3 out of 5 Stars
Across the country, human teens are going missing, and all eyes are turning to the fae.
Seventeen-year-old Freddie is a human at a magically diverse boarding school who longs to report on the war-torn realms of Fairy. When humans disappear on campus, it’s the perfect opportunity to jump-start her journalism career. While the public blame the fae, Freddie wants facts. If she’s going to get published, she’ll need to find out who or what is behind these disappearances.
Aiden is a fae soldier with a murderous reputation. Raised in the dark fae court and forced to partake in the brutal Fairy Civil War, he thirsts for revenge against the realm which murdered his family. His new mission gives him the opportunity he’s longed for. But when Freddie snoops into his life, he questions if revenge is worth the price of his freedom.
Lured by her suspicions and distracted by his curiosity, Freddie and Aiden form a tenuous bond. But as their feelings for one another grow, so does the danger. Every clue points to Aiden as the kidnapper, and as his enemies close in, Freddie must make a choice: turn against him or fight for a relationship doomed to fail.
An intriguing mix of contemporary mystery and fairy love story. This novel melds modern day issues (racial profiling, biased reporting, deportation, and corrupt politics) with the cruel possibility of war in a neighboring fae world.
The book weaves together two narratives–a young reporter’s passion to find the truth in a kidnapping plot alongside a traumatized fae soldier’s search for revenge. Freddie’s and Aiden’s stories merge into a tentative tale of friendship and potential love. Although the plot lags a bit in the middle, things pick up toward the end. Several heated battles and fight scenes raise the stakes, though these scenes sometimes come across as confused or improbable.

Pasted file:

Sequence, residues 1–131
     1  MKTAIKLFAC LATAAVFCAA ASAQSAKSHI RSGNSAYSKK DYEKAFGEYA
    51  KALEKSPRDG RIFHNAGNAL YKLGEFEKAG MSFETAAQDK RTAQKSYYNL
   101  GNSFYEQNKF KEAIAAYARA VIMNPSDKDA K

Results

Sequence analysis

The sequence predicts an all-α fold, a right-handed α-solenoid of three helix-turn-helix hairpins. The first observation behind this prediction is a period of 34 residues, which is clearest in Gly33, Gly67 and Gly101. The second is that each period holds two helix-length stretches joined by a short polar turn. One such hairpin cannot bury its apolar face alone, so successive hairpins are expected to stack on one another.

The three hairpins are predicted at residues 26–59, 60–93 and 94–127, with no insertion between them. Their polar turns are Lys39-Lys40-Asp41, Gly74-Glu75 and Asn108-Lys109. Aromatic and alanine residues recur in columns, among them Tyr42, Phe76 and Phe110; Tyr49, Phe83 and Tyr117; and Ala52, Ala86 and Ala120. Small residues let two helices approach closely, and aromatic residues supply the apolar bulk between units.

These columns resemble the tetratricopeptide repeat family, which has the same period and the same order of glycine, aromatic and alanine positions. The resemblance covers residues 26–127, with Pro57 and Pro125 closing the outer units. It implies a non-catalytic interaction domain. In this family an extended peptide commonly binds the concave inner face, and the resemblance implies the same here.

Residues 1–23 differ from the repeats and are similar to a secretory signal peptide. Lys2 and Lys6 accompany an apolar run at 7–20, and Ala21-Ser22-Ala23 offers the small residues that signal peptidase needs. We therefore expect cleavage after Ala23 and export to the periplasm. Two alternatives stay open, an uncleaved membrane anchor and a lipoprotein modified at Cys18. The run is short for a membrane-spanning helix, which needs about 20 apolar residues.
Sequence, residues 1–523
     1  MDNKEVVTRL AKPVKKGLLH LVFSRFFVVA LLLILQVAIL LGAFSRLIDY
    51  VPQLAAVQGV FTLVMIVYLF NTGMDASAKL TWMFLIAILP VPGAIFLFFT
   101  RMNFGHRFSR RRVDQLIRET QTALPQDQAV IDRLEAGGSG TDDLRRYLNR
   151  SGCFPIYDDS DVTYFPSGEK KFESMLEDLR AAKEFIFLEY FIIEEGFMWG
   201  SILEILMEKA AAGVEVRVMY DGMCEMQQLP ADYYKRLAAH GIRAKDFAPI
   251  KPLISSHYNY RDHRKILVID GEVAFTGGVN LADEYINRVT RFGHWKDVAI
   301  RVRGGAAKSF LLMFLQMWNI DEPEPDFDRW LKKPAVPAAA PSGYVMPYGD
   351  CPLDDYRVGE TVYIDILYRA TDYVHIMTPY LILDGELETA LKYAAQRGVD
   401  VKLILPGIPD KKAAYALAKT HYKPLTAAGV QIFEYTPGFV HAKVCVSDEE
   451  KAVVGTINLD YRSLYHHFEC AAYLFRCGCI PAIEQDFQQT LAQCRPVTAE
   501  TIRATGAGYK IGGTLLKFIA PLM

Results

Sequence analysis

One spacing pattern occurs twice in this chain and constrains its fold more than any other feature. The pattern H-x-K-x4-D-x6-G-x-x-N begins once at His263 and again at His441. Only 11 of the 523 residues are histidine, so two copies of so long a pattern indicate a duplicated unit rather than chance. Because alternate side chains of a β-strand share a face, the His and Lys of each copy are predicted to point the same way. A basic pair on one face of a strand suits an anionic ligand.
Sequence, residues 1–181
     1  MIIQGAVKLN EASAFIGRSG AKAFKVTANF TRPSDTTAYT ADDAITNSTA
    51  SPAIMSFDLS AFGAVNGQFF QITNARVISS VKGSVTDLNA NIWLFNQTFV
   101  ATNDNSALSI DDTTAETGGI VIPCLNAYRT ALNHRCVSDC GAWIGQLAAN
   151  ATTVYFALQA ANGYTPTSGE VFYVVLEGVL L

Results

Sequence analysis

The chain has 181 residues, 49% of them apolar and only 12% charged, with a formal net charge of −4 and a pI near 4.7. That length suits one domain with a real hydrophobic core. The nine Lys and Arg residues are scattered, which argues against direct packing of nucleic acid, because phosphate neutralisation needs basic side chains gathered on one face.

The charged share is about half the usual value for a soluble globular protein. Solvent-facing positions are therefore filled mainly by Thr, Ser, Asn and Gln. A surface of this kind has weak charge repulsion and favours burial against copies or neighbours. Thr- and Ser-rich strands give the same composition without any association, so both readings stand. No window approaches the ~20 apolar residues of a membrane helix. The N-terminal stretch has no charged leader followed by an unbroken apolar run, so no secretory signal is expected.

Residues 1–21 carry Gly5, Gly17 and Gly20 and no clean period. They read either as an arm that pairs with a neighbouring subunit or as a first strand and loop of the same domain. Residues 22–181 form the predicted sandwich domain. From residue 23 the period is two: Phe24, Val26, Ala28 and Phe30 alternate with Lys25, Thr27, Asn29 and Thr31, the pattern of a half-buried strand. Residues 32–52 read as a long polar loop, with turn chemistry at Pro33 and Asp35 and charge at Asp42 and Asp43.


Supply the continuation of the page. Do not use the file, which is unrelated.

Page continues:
The character interactions are fun. I love the juxtaposition of Aiden’s life as a soldier versus the innocent curiosity and care he displays while visiting the human world. Freddie’s loyalty to her friends and her need to hunt for the truth are also admirable. Though I admit I really have a strong dislike for Pelrin’s character, particularly his manipulative and stalker-like tendencies toward Freddie.
The writing style is easy to read but inconsistent at times, interspersing straight-forward prose with sections of overly flowery detail. The novel hints at interesting world building though I wish it would have delved deeper into the culture of the fairy world. That being said, descriptions of the human school and city feel vibrant, including Latinx and other BIPOC representation, commentary on political stances, and discussion of human/fairy rights issues. Trigger warnings for mild gore, stalker-like behavior, murder, racially charged themes, torture, and kidnapping.
Overall I enjoyed A Tale of Ashes by Ann Dayleview and give it 3 out of 5 stars. This book might be a good choice for fans of urban fantasy and contemporary fairy stories.